Mehrangiz is an Iranian human rights lawyer, writer, and former editor of the now-banned Zan literary review. A noted activist, she has published widely on women's issues in Iran, including The Quest for Identity: The Image of Iranian Women in Prehistory and History (co-edited with Lahiji) and Angel of Justice and Patches of Hell: Women in the Iranian Labor Market (1994).
Akbar Karbassian is a lecturer at the Iran Banking Institute and is also affiliated with Azad University. Among his recent publications are Budget and Budget Planning in the Iranian Economy (in Farsi, 1999) and 'A Note on the Islamic Banking Practice in Iran (in Relazione Internationale 48 ). His book Iran: A Socio-Political Assessment is forthcoming in Italy.
Henry S. Kariel
Henry S. Kariel, professor of political science, University of Hawaii, has recently published a book, The Promise of Politics.
Kemal H. Karpat
Kemal H. Karpat, a Turk by birth, is now assistant professor of comparative government at Montana State University. He was formerly acting chairman of the School of Public Administration at the Middle East Technical University in Ankara, and in 1952-53 was a research member of the Social Affairs Bureau of the United Nations.
Philip Kasinitz is professor of sociology at the CUNY Graduate Center, currently serves as executive officer of the doctoral program in sociology. He is the coauthor, most recently, of Inheriting the City: The Children of Immigrants Come of Age (with Mollenkopf, Waters and Holdaway 2008).
Ronald Kassimir is associate provost for curriculum and research at the New School. He has published scholarly work in many journals and periodicals and coedited three books: Youth Activism: An International Encyclopedia; Intervention and Transnationalism in Africa; and Youth, Globalization, and Law.
Riva Kastoryano is research director at CNRA/ CERA-Sciences-Po and visiting professor of political science at the New School for Social Research. Her publications include Negotiating Identities: States and Immigrants in France and Germany (2002).
Tetsuya Kataoka, of the Department of Political Science of the State University of New York at Buffalo, is now preparing a book on the process of the communist take-over of China.
George Kateb is William Nelson Cromwell professor of politics, emeritus, and former director of the University Center for Human Values at Princeton University. His books include Patriotism and Other Mistakes (2006)
Gary Kates is associate professor of history at Trinity University and author of The Cercle Social, the Girondins, and the French Revolution (1985).
Ira Katznelson has been Ruggles professor of political science and history at Columbia University since 1994, and, since 2012, president of the Social Science Research Council. The author, most recently, of the prizewinning book, Fear Itself: The New Deal and the Origins of Our Time (2013), he is also a research associate at Cambridge University’s Centre for History and Economics.
Biography not available.
Suvir Kaul is professor and chair of the department of English at the University of Pennsylvania. He is the author of Poems of Nation, Anthems of Empire: English Verse in the Long Eighteenth Century (2000). His edited and coedited volumes include Postcolonial Studies and Beyond (2005).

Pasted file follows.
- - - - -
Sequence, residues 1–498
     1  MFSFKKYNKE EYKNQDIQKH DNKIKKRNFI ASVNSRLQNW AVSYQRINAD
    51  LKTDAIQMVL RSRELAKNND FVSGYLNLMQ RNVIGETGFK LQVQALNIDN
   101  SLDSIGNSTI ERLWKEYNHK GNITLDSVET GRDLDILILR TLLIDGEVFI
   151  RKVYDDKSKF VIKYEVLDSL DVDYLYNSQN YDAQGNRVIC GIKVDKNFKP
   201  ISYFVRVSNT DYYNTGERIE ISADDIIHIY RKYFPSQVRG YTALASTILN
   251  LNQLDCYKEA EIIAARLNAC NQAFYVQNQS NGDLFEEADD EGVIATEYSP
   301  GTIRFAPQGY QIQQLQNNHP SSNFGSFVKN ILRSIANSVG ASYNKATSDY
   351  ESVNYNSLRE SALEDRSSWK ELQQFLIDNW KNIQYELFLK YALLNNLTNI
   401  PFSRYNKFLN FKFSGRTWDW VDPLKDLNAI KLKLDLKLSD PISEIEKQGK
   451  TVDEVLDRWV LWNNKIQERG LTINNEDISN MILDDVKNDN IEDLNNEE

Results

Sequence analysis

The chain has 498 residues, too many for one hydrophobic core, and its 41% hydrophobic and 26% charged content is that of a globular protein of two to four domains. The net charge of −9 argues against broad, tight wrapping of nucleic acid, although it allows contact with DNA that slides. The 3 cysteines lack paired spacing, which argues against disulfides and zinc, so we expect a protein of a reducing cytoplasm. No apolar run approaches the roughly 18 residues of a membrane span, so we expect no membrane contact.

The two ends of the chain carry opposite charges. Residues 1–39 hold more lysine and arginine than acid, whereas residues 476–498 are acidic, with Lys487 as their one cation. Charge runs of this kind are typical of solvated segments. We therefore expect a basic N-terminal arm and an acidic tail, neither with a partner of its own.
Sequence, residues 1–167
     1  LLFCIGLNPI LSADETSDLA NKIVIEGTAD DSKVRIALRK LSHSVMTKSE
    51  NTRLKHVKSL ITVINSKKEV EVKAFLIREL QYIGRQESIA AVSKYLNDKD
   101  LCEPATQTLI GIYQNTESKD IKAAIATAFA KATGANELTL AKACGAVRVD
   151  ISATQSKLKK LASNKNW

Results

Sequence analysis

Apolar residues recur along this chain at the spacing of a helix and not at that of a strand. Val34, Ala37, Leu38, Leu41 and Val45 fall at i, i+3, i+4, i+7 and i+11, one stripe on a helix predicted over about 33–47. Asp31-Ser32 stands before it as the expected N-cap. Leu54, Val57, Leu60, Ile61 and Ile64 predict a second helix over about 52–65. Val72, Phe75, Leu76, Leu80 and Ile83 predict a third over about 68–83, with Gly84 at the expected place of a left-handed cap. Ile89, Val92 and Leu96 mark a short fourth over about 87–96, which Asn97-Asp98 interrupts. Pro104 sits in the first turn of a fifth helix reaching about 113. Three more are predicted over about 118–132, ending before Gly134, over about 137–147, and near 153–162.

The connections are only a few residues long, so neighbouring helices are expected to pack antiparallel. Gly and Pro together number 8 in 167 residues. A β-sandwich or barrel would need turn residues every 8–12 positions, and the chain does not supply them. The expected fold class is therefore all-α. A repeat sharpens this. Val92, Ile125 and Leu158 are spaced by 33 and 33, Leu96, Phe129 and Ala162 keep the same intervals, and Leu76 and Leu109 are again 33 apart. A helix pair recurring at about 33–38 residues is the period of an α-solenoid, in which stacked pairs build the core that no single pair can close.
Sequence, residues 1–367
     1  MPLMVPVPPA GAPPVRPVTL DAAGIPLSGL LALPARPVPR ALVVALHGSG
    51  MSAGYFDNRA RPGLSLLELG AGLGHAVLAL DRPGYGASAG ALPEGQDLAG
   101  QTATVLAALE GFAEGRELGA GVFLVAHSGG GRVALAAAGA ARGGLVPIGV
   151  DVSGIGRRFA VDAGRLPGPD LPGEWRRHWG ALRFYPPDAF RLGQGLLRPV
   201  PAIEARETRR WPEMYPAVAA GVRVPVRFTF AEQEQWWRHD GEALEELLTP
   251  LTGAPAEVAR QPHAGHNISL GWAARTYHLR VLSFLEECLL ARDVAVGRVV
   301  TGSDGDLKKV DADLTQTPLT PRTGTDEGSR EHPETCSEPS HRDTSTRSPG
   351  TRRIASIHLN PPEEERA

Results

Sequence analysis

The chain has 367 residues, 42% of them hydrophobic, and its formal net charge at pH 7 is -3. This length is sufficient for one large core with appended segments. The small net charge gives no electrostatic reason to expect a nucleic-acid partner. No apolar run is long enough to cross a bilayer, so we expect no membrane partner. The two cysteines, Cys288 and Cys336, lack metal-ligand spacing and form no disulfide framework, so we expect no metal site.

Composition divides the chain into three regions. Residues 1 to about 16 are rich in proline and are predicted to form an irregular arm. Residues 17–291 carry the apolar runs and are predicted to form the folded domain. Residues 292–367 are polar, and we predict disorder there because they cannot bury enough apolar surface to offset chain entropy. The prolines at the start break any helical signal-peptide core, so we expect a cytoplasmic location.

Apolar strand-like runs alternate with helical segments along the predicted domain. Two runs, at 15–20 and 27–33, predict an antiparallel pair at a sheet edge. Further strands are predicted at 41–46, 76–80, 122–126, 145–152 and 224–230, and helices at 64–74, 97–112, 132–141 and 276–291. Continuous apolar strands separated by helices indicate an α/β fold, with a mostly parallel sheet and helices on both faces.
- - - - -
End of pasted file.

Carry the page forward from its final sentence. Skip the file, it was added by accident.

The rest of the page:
Vytautas Kavolis, chairman of the Department of Sociology-Anthropology of Dickinson College, has written several articles on sociological aspects of art, and is particularly concerned with the examination of artistic style.
Jerold S. Kayden
Jerold S. Kayden, an urban planner and lawyer, is the Frank Backus Williams professor of urban planning and design at the Harvard Graduate School of Design. His books include Privately Owned Public Space: The New York City Experience (2000). He serves as principal constitutional counsel to the National Trust for Historic Preservation.
Farhad Kazemi is professor of politics and Middle Eastern studies at New York University. He has served as president of the Middle East Studies Association of North America and of the Society for Iranian Studies, and is currently a member of the Board of Trustees of the American University in Cairo. He has also served as a consultant to the U.S. government.
Firuz Kazemzadeh, board member and former president of the World Federation of Baha'is, is professor emeritus at Yale University. He is the author of Central Asia's Foreign Relations: An Historical Survey in The Legacy of History in Russia and the New States of Eurasia (1999).
Michael Kazin is a professor of history at Georgetown University and editor emeritus of Dissent magazine. He is the author of seven books about US history and the editor of three. His latest book, What It Took to Win: A History of the Democratic Party, was published in spring 2022.
Nikki R. Keddie
Nikki R. Keddie is professor emerita at the University of California-Los Angeles. She has published widely on Iran and the Muslim world, including, most recently, Qajar Iran and the Rise of Reza Khan (1999). She is currently working on articles and an AHA pamphlet on women in Middle Eastern History. She is co-editing (with Rudi Matthee) the proceedings of the UCLA conference, Iran and the Surrounding World since 1500: Cultural Influences and Interactions.
Jesse M. Keenan
Jesse M. Keenan, research director for the Center for Urban Estate Development at Columbia University, is an internationally-recognized expert on climate change planning and design with a focus on private sector adaptive capacity and technical design and development analytics. He is jointly affiliated with the TU Delft Graduate School of Architecture and the Built Environment